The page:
Search This Blog

Friday, November 20, 2015

Some Myths Of Reason

History Today

In the September 1998 issue of History Today, Peter Monteath nicely summarised Christian Gerlach’s groundbreaking argument about the origins of the Holocaust: that, in December 1941, Hitler made a ‘decision in principle’ that all Jews should be murdered. However, I am persuaded by subsequent historiography and by a rereading of Hitler’s own writings that his worldview was so radical that the concept of a ‘decision’ is inappropriate; in Alon Confino’s apt phrase, Hitler imagined a ‘world without Jews’ from the beginning. Realising that vision was less a question of categorical pronouncements and more a matter of what was possible. Revenge against Jews was not a decision but an inevitability.


For any idea of ‘intentionalism’ [i.e., an "intentional" and voluntary decision] to hold, it must begin with Hitler’s conviction that Jews should be removed from the planet. This is subtly but importantly different from the idea that Hitler planned a Final Solution. It allows for the possibility that Hitler learned from experience that killing Jews was easier than deporting them. It also raises the question of under what precise circumstances his global vision could be localised. Here what is necessary is a kind of ‘local structuralism’, which includes the motivations of non-German actors and the effects of non-German settings on Germans themselves.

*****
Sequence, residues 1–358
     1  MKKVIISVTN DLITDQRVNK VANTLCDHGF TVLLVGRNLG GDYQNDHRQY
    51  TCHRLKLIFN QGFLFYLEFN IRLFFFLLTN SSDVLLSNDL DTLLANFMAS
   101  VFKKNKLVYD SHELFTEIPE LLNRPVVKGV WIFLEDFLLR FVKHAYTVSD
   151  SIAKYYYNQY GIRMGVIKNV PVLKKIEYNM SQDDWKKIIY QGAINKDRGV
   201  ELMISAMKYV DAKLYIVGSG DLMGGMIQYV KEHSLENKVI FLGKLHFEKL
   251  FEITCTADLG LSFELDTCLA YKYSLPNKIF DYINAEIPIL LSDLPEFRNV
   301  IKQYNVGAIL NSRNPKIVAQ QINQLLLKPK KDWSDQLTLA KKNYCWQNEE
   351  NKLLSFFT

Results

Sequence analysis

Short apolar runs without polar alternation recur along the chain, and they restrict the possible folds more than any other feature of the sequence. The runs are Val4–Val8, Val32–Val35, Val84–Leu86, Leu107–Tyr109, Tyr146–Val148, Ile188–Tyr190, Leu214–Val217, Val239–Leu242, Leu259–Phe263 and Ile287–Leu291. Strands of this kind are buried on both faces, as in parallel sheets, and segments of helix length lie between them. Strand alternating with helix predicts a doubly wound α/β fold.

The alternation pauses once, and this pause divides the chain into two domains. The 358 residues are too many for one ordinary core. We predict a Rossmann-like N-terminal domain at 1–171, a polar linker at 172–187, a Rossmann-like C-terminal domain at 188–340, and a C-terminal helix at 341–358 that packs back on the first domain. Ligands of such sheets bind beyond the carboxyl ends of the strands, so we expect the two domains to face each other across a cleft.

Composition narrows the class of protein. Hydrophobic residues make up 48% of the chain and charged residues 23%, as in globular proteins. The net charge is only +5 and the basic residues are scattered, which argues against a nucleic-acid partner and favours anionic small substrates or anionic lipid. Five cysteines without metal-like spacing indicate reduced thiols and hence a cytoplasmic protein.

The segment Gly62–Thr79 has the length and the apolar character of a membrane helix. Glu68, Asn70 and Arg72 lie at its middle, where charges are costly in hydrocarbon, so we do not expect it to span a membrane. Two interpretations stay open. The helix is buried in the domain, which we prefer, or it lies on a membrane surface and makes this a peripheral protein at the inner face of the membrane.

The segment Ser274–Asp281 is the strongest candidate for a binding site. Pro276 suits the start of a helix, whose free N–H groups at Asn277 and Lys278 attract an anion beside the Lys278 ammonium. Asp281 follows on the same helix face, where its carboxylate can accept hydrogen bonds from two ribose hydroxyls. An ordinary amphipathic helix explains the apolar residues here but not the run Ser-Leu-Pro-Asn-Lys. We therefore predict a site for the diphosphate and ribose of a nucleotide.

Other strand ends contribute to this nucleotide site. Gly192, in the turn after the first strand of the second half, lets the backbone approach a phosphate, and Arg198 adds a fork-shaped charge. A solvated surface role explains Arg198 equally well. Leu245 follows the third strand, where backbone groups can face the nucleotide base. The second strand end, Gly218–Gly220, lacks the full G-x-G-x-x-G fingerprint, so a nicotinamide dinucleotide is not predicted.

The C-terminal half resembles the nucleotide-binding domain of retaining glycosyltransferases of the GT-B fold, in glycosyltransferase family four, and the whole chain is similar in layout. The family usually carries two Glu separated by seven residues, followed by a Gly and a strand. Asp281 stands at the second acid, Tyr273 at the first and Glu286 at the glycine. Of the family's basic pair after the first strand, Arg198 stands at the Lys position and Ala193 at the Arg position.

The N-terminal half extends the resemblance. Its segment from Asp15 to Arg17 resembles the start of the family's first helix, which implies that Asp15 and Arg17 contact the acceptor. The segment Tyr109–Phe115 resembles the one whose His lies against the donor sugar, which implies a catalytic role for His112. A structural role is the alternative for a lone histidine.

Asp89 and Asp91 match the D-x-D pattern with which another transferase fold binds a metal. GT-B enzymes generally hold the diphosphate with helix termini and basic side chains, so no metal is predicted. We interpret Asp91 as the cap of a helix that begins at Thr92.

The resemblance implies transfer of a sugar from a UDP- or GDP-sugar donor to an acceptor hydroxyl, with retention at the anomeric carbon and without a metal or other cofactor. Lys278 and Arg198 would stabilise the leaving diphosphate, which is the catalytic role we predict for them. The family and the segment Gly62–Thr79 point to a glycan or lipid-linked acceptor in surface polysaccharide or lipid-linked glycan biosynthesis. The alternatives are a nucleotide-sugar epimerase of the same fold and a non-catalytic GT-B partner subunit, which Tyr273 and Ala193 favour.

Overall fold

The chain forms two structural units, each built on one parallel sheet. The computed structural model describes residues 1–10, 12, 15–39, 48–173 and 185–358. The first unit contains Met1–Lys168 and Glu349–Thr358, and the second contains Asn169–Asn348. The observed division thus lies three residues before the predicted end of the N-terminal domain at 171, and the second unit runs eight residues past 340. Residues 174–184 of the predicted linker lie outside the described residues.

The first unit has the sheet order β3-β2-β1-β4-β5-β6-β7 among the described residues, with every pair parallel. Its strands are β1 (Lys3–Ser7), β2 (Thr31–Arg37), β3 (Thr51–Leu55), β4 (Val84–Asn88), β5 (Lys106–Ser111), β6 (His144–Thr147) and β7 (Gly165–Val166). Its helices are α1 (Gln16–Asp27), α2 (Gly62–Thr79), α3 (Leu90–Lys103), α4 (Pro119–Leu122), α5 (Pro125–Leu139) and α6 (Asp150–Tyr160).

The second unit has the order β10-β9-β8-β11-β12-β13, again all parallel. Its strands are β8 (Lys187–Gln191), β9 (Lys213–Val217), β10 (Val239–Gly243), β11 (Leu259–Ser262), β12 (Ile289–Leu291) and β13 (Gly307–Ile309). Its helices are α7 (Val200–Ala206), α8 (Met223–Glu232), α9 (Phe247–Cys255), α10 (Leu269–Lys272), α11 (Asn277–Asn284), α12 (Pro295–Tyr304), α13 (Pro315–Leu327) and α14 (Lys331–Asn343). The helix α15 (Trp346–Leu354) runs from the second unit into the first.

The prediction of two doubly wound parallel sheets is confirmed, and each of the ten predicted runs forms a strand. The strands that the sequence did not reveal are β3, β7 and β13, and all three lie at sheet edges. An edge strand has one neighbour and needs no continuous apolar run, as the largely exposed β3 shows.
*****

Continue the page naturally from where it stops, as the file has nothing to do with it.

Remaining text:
Such is the history of the Holocaust as it is now being written: a catastrophe both planetary and local, transcending the limitations of German national history.

This is part of what I have been thinking about since seeing Woody Allen's Irrational Man : the inability to confront  {engage with, intimate with} that which is irrational or not-rational, other than in ritualized areas of our lives.

The Final Solution became possible because all players allowed it up to the outbreak of war.
World War II began in two parts because of the (1) invasion of Poland, and then (2) the Japanese attack on Pearl Harbor.

At no point did any nation-state go to war to save the life of a Jew.

It reminds me of our Civil War. It began on the Northern side as a war to save the Union.
Even the horrible obscenity of slavery could not rouse a majority of the North to go tro war to end slavery. Until the Emancipation Proclamation, any number of future history threads were possible, some with a future including variations of slavery.......

Remember how the Southern Christian churches endorsed the Biblical truth of Slavery?

Tread carefully in dark times.


No comments: